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What is the impact of inefficient collaboration in Healthcare?


In this series I want to share my perspectives on how healthcare organizations can and are leveraging collaboration technologies to drive transformation. However, before discussing specific examples of transformation I wanted to review the impact of inefficient communications & collaboration in the current environment.

Healthcare delivery inherently involves a significant amount of communication and interaction among clinicians as well as between clinicians and patients. It should come as no surprise that in a typical hospital environment there are several inefficiencies in these communications, resulting in a broad reaching impact, which goes well beyond lowering staff productivity and reducing operational efficiencies. More importantly they result in patient safety and quality of care being compromised, patient experience being less than satisfactory and staff that is less satisfied with their work life. A recent joint study by the Center for Health Information & Decision Systems (CHIDS) at the University of Maryland and the Cisco Internet Business Solutions Group (IBSG) estimated that the annual “cost” to US hospitals due to poor communications is in excess of $25 billion.

Patient safety issues were highlighted in a 2006 Joint Commission study that analyzed more than 4000 patient sentinel events (unexpected occurrence involving death or serious physical or psychological injury) over a 10 year period and found that communication lapses was the single biggest root cause and the key factor for two-thirds of the events. Also, in a recent nursing survey conducted by Zogby International and commissioned by Cisco, 77% of those surveyed said that communication lapses have a high-impact on patient safety.

My experience in working with different healthcare organizations is that, difficulties in locating and collaborating with other clinicians and staff members is one of the key challenges that most organizations face. Clinicians waste precious time each day trying to track down other available clinicians, calling multiple numbers and trying different channels of communication, waiting for people to respond to a page etc. In the nursing survey mentioned above 86% of the respondents said that “time spent chasing other people to get answers” could be as much as two hours per shift. The wasted time reduces the time that clinicians can spend on direct patient care. A 36-hospital nursing time and motion study published in 2008 found that nurses on average only spend 31% of their time on patient care in the room while almost 40% of their time is spent at the nurses’ station. Patient care is also indirectly impacted because of higher stress levels in staff that might have to work overtime. These issues only exacerbate the staffing shortage challenges that many hospitals face by reducing their ability to retain and attract the best talent.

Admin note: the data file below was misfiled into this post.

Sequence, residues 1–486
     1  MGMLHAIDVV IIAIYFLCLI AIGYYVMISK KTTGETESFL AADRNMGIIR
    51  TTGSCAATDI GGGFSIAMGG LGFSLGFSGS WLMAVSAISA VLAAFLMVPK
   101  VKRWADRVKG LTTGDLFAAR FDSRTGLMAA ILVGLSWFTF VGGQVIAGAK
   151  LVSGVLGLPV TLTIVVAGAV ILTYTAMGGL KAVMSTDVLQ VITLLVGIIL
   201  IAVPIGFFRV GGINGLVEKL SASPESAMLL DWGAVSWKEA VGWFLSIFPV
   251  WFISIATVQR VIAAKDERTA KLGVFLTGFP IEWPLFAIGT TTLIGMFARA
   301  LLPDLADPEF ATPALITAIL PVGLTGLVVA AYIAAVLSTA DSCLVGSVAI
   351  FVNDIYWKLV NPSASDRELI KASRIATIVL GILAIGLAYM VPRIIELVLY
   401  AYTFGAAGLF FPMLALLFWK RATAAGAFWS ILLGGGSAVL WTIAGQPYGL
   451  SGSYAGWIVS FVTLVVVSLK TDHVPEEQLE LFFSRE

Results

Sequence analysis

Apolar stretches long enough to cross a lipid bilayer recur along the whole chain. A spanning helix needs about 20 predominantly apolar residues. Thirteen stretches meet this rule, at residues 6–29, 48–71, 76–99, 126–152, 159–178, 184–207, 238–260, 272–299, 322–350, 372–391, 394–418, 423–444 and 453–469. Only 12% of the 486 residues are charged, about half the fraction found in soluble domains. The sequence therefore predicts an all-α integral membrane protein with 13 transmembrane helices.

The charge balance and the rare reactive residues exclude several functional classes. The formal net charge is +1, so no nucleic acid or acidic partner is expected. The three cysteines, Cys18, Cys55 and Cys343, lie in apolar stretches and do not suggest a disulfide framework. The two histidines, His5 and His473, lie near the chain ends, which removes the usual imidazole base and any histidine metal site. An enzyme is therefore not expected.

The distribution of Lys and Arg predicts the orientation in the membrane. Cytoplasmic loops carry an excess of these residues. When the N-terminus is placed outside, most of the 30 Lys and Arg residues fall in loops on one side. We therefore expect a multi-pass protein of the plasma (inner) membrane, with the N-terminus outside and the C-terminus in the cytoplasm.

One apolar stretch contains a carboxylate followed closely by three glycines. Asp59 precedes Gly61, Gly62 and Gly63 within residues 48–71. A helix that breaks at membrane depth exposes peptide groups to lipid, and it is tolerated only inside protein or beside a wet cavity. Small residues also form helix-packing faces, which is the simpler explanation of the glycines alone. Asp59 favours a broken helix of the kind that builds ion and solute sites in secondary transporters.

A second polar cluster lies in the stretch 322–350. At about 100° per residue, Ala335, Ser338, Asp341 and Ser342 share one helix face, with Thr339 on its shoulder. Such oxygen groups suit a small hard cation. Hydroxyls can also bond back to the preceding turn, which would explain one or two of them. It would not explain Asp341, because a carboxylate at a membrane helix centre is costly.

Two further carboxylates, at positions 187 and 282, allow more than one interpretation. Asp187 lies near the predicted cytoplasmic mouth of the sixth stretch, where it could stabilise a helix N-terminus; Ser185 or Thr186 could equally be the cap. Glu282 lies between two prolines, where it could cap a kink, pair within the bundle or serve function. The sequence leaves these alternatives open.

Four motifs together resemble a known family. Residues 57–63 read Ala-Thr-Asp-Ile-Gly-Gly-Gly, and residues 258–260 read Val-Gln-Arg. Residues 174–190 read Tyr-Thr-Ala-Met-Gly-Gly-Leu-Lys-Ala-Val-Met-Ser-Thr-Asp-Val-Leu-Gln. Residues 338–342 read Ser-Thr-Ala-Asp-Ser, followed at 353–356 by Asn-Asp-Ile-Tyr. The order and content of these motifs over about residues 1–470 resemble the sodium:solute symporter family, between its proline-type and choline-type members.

But it doesn’t end there, communication challenges can often have a cascading effect on patient flow that affect multiple areas within a hospital and ultimately lead to higher costs, lost revenue and reduced patient satisfaction. I worked with one hospital where inefficient collaboration resulted in patients waiting 45 min each time they needed to be transported between the ED (Emergency Department) and radiology. While there were long lines of patients that were waiting to be transported, other patients were waiting to be admitted to the ED. Often, because all beds were full the ED went into divert protocol, which meant the hospital was diverting all new patients to neighboring hospitals resulting in lost revenue. Ineffective communication also resulted in delayed patient discharge and delays in getting the rooms ready for the next patient. Even after the beds were cleaned and available, patients were often waiting in the ED to be transferred to an inpatient bed because of ineffective coordination between the ED and the floors. In other areas such as surgery, I have seen examples where a significant percentage of surgeries are delayed because of delays in assembling one or more members of the surgery team.

Leading organization are integrating collaboration capabilities into healthcare workflows to address these challenges. In the next set of posts I’ll discuss some of these examples and the associated business impact.